Raja's Observatory (ETW building)
| Indian Observatory|
|Turns to build:||4|
School of the Arts
An observatory is a centre for many scientific studies, not just astronomy. All the physical sciences are advanced here.
The study of the heavens leads to advances in mathematics, and improvements in scientific instrument making, horology and, perhaps most importantly of all, navigation and surveying. Accurate star charts and lunar tables (showing the phases of the moon) enable sailors to determine their position at sea, and a navy that can navigate accurately is one that can carry out its duties effectively. An observatory is also a centre for national prestige, as discoveries made and published reflect well on the institute and the nation that funds its work.
Historically, observatories were vital in the development of navigation and accurate clocks. This is why the zero-degree longitude line passes through the Royal Observatory in Greenwich, London (until 1884 most states used their own nationalistic reference points). Indeed, the nationalism of astronomy often leads to ignorance of the observations and deductions of non-European astronomers.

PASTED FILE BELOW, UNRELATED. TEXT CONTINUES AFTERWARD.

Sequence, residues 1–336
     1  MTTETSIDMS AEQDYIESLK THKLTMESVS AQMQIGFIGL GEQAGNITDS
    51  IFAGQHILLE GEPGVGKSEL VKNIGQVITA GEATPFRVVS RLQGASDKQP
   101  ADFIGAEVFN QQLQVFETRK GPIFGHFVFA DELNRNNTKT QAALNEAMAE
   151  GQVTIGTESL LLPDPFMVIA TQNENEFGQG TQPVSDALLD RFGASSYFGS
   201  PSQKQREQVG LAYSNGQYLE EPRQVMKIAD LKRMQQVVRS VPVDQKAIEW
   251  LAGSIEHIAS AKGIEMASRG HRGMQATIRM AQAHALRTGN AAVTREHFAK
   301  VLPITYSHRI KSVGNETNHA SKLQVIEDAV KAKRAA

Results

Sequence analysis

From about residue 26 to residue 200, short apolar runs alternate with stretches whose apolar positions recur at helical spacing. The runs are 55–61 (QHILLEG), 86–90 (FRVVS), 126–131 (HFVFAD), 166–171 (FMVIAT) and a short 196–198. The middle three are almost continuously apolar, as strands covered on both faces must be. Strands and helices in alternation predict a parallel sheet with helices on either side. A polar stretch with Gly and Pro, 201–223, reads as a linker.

Astronomers could also be outrageous flatterers. After he discovered what he thought was a new planet, Sir William Herschel chose the name “Georgium Sidus”, or George’s Star, in a transparent bit of sucking up to his patron, King George III. Other astronomers flirted with the name “Herschel” then settled on “Uranus” for the new planet.
This building can only be built in the faction capital.